One man’s perspective on stories that matter. Look for these posts every week on ILSR.org and the landing page for my work, From the Desk of David Morris.
In 2012, Montgomery County put a $187 million bond issue, one of the largest in state history, before the voters. It was intended to rebuild and reinvigorate Dayton’s Metro Library system. Voters approved 62-38 percent.
Six years later, Valerie Vande Panne reports in Next City, “Branches offer meeting rooms as well as collaborative with tables, TVs and white boards…There is a laptop vending area where you can check out a laptop and take it to a cushy chair or sofa next to a gas fireplace or picture window to work. Audio and video equipment can be accessed at every branch, and some branches have editing suites and green screen rooms. Two libraries have complete recording studios — all in line with the idea that libraries are a place to create content, not just consume it.”
“(T)he city is reshaping the place of the public library in society, making an important ‘third place’ where citizens go when not at work or at home…Dayton’s is becoming a place for everything from family reunions to wedding receptions; theater to video production; virtual reality to cooking; and of course, reading, writing, and research.”
Read anything about fifth generation wireless (5G for short) and you would think it is nothing short of the second coming. Federal and state governments see its introduction as so urgent they are preempting the traditional local authority over this much more intensive network of antennae. What is the promise? What is the hype.
The 299th(!) podcast of ILSR’s Community Broadband Bits, tackles these issues in a conversation between host (and ILSR’s Community Broadband Networks initiative director) Christopher Mitchell and Eric Lampland, a telecommunications network architect for over 35 years. Anyone wanting a better technical understanding of this new technological should tune in.
Last November, Philadelphia voters overwhelmingly elected life-long civil rights attorney Larry Krasner as their District Attorney. Three months after Krasner took office. Shaun King, who helps run Real Justice PAC, reviews his first three months in office and finds Krasner has exceeded even the high expectations of those who hoped he would tackle the fundamental unfairness of a justice system based on mass incarceration.
Immediately out of the gate, Krasner demonstrated his intend by shaking up the DA’s office. In his first week on the job, King reports for The Intercept, Krasner fired 31 prosecutors who weren’t on board with the changes he intended to make. A month later he sent a five-page guiding document to his staff. Its first sentence sets the tone and makes clear the objective, “These policies are an effort to end mass incarcerations and bring balance back to sentencing.”
King rejoices, “I’ve never seen anything like this document. It’s a dream come true for those of us who’ve been fighting our hearts out for justice reform for years.” Check it out.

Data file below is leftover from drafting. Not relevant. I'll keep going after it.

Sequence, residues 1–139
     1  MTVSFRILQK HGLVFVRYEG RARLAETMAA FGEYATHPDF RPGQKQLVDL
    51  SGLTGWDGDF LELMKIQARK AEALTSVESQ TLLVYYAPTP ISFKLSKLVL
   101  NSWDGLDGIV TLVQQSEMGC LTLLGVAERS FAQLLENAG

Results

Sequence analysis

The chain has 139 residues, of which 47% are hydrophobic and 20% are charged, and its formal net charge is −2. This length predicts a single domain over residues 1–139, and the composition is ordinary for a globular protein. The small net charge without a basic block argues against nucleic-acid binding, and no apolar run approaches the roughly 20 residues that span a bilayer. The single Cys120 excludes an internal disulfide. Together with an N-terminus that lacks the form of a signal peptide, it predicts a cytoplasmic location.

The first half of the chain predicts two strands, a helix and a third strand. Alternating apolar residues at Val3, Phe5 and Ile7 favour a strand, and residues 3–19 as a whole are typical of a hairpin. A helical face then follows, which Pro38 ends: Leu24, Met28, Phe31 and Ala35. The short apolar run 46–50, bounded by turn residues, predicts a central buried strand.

In 2015, Bill Haslam, Tennessee’s billionaire Republican governor, secretly convened a group of government appointees and corporate executives to develop a statewide privatization plan. The outcome was a $1.9 billion contract, the largest in Tennessee government history, that would privatize the maintenance and management of up to 90 percent of state-run facilities, including university buildings. The contract specified that all state employees at these private facilities would have to reapply for their positions.
As Chris Brooks and Rebecca Kolins Givan observe in In These Times. “With a Republican governor and the GOP in control of the state House and Senate, the outsourcing scheme should have been a walk in the (soon-to-be-privatized) park…”
What the privatizers didn’t plan for was the United Campus Workers (UCW), a scrappy higher education union affiliated with the Communication Workers of America (CWA). Public-sector unions in Tennessee are legally barred from engaging in collective bargaining, and the state has no obligation to recognize or negotiate with them. Instead, the union relies on a mixture of legislative advocacy, workplace actions and mass mobilizations.”
The union launched its #TNisNOTforSale campaign in August 2015. The effort brought hundreds of new members into UCW.
The UCW tapped into a populist streak among Republican legislators. “It turns out that class is a big issue inside the Republican Party,” Jeffrey Lichtenstein, UCW secretary and part-time worker at the UT Health Science Center told the reporters.
During a GOP caucus retreat a few months after the launch of UCW’s campaign, Brooks and Givan reveal, “conservative state Sen. Janice Bowling told the governor bluntly, ‘You’ve said you want to run the state like a private business, but we don’t want a business to run the state.’”
“Under mounting pressure, Haslam agreed to give state agencies and colleges a choice to opt in or out of privatization. So the UCW took the fight back to its home turf of college and university towns, getting local governments and businesses to weigh in and tip the scales against outsourcing. In August 2017, the state agency responsible for managing the state’s parks abandoned the plan. Two months later, the entire University of Tennessee system publicly opted out.”
In 2018 the word “libertarian” is used to describe someone holding an anti-government, anti-regulatory, anti-union, pro capitalist, unfettered market philosophy. One hundred fifty years ago, when the term was first coined, it meant the opposite. The “libertarian socialism” movement criticized Marxist socialists for their reliance on a powerful state, but while they opposed centralized state power, they supported decentralized worker and community power that would regulate corporations and put an end to wage slavery.
A few days after the split between Marxists and libertarians at the 1872 Socialist International meeting, the latter founded the Libertarian International. For the next 50 years this decentralist, anarchist, worker-oriented libertarianism held its own against communists and socialists alike.
Wikipedia offers a well-researched historical overview.